Outlaw Delta (oz10772)

 

Outlaw Delta (oz10772) by Jerry Smith 2000 - plan thumbnail

About this Plan

Outlaw Delta. Radio control sport delta model.

Quote: "Designed by 9 time NCFFA champion Jerry L Smith of Paducah Kentucky, the Outlaw is a very unique high performance aircraft that possesses a very wide flight envelope and is capable of some very interesting maneuvers unique to this design. Jerry has been flying this aircraft on the air show circuit for several years now and it always gets the crowd fired up and asking - Where can I get one?

Previously the Outlaw was available in a short kit and it required a bit of time and modeling skill to assemble properly. The Outlaw features a progressive airfoil that transitions between the root and tip rib and also has anhedral built in. Noted aerodynamicist Robert Vess assisted Jerry with the design and this unique airfoil and planform are part of what makes the Outlaw perform as it does. It also made the Outlaw difficult to build correctly for most modelers. Extreme Flight engineers spent many hours perfecting the construction and assembly of this aircraft and tested many prototypes to make sure the Outlaw ARF lived up to Jerry’s expectations, while making it easy for the average modeler to assemble. For most modelers the Outlaw ARF can be assembled and ready for flight in a couple of evenings..."

The above quote is taken from the Outlaw (IC) ARF instructions, dated 2008, see www.extreme-rc.ru/cms_files/File/Outlaw%2036%20manual.pdf.

Discontinued kit. This is the old plan. Originally available as a short kit, the Outlaw was then sold only in ARF format, and is (in 2019) now only available as an electric-powered ARF, see https://extremeflightrc.com/search.asp?keyword=outlaw.

Direct submission to Outerzone.

Update 26/10/2020: Added wing jig pdf, thanks to Gnomelike.

Supplementary file notes

Wing jig pdf.

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Outlaw Delta (oz10772) by Jerry Smith 2000 - model pic

Datafile:
  • (oz10772)
    Outlaw Delta
    by Jerry Smith
    2000 
    36in span
    IC R/C
    clean :)
    formers unchecked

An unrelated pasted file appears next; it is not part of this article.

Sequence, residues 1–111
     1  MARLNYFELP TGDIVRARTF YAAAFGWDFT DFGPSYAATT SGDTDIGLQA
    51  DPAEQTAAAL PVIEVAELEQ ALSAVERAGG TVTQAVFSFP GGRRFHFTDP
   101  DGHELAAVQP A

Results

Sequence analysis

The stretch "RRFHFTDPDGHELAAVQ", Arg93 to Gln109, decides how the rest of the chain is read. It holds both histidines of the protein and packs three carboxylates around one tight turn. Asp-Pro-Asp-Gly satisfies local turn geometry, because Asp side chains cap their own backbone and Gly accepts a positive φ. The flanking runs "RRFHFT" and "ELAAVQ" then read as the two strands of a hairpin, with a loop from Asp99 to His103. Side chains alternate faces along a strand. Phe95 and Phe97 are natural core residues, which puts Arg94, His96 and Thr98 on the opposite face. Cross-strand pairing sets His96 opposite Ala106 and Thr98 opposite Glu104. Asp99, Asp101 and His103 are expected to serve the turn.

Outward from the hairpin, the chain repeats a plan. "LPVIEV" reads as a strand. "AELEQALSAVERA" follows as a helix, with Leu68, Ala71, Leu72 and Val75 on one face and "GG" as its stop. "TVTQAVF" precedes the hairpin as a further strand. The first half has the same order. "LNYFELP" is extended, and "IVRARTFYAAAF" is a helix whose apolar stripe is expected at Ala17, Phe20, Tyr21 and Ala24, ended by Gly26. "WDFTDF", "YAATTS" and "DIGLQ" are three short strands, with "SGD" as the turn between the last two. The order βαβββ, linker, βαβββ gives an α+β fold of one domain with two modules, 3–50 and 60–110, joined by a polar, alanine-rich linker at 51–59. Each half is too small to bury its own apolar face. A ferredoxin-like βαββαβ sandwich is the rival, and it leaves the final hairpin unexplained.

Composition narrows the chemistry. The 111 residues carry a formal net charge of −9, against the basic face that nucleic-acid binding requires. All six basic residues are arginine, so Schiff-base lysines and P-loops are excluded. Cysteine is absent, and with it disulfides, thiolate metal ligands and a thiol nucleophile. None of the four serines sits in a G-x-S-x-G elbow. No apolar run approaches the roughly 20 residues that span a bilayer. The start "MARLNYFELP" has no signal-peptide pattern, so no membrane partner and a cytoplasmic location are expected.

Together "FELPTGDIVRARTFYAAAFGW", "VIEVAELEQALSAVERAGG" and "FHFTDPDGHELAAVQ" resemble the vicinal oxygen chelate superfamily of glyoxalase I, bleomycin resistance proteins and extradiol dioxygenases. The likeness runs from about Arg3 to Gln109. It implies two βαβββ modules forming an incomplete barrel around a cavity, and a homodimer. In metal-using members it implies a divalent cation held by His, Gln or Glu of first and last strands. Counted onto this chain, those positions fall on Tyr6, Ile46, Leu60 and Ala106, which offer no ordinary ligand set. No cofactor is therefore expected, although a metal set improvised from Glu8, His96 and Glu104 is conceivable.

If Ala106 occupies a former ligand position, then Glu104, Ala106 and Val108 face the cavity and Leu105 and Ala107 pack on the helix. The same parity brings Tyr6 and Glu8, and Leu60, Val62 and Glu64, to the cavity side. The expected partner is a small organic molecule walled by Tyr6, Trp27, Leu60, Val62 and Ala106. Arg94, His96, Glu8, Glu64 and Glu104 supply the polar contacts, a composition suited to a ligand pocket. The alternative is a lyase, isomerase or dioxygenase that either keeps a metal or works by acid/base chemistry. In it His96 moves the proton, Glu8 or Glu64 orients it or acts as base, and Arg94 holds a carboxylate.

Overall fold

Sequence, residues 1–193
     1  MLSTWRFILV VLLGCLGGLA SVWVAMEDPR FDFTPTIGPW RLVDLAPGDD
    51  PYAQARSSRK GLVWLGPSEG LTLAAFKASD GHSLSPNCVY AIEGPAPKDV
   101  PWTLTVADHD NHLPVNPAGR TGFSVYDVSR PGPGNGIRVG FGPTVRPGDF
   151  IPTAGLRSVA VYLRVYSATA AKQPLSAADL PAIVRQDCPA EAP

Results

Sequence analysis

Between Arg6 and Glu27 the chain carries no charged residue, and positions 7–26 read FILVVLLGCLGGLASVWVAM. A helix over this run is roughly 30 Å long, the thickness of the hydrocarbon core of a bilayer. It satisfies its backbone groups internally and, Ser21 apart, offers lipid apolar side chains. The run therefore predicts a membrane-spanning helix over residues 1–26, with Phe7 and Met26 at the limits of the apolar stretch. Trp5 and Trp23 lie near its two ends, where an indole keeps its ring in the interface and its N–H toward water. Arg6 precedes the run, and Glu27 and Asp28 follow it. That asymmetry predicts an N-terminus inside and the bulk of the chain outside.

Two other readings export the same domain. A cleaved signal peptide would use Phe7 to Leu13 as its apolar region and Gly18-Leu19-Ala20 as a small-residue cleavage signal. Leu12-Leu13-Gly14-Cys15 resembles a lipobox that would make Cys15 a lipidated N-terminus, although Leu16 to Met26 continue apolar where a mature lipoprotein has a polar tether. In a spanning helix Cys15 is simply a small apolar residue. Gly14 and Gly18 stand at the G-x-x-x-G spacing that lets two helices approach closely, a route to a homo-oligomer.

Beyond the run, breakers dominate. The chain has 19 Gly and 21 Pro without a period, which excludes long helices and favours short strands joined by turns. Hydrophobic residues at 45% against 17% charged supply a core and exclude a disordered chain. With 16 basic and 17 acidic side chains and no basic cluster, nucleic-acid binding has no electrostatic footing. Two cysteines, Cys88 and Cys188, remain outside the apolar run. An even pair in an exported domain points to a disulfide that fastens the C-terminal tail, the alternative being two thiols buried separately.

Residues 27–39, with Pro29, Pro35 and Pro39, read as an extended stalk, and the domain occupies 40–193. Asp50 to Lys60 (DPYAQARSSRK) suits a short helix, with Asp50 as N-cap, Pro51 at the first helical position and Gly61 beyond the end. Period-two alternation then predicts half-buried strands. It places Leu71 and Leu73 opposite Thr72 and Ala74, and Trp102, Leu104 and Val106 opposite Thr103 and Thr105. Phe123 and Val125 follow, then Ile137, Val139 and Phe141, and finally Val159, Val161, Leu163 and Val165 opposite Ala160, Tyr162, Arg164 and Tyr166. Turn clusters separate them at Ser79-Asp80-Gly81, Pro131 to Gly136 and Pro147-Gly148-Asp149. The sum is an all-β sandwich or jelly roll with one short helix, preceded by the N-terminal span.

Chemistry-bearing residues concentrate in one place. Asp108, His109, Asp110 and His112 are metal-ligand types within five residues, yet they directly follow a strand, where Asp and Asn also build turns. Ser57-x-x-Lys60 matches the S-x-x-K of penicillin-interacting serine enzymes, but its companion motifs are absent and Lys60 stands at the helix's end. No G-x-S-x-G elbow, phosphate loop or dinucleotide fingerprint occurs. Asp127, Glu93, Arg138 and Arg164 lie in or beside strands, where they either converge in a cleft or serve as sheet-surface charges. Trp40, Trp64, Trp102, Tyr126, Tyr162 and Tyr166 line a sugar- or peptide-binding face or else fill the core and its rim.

• Submitted: 29/12/2018
    Filesize: 748KB
    Format: • PDFbitmap
    Credit*: Balsaworkbench
    Downloads: 2878

Outlaw Delta (oz10772) by Jerry Smith 2000 - pic 003.jpg
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Outlaw Delta (oz10772) by Jerry Smith 2000 - pic 004.jpg
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Outlaw Delta (oz10772) by Jerry Smith 2000 - pic 005.jpg
005.jpg
Outlaw Delta (oz10772) by Jerry Smith 2000 - pic 006.jpg
006.jpg
Outlaw Delta (oz10772) by Jerry Smith 2000 - pic 007.jpg
007.jpg

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User comments

Can a front view and rear view of this model be indicated, due to the anhydral setting?
ATJ - 25/10/2020
Dear All, I saw the comment on Outlaw oz10772 so I had a look see ( I may be barking up the wrong tree but ) and I hope the attached helps... [see pic 003 and supplement pdf file] Yours faithfully,
Gnomelike - 26/10/2020
Hi Mary. I'm sending you photos [main pic, 005-007] also a video link of my Outlaw built with the plans downloaded from Outerzone. The model flies very well I made 2 a burst is an electric one I send you the photos of the electric one before. I reached the remarkable speed of 477 km/h. See you soon, I hope you are well, a warm greeting from Italy,
Armando Valentino - 03/10/2022
My outlaw weighs 1320kg with 4cell lipo poly 2200 mah. Here are r the video links: The maiden flight see: https://www.youtube.com/watch?v=TkESuM6aogU and in this second video: https://youtu.be/T6ywPZjskjM I touch the insane velocity 477 km/h.
Armando Valentino - 03/10/2022
Armando, I fear you have mis-measured or miscalculated your speed.
A 1450kv motor on 14.4v will try to turn at 20,880 rpm but will never reach it as this is an unloaded, ideal, situation. Put a prop on the shaft and you’re looking at a fair bit less. But if you could turn 20,880 rpm with, say, an 8 inch (20 cm) pitch prop, your ideal speed (with a necessarily drag-free model) would still only be 254 km/h or 158 mph. Even in ideal, zero-drag conditions, to reach 477 km/h (296 mph) at 20,880 you would need to turn a 15 inch (38 cm) pitch prop! Or turn your 8 inch pitch prop at 40,000 rpm…
The top pylon classes race at around 200 mph (320 km/h) and your model is not one-and-a-half times as fast as a top pylon racer! Your plane may be swift but, I’m afraid, not 477 km/h swift!
Phil Tolfree - 04/10/2022
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Notes

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Scaling

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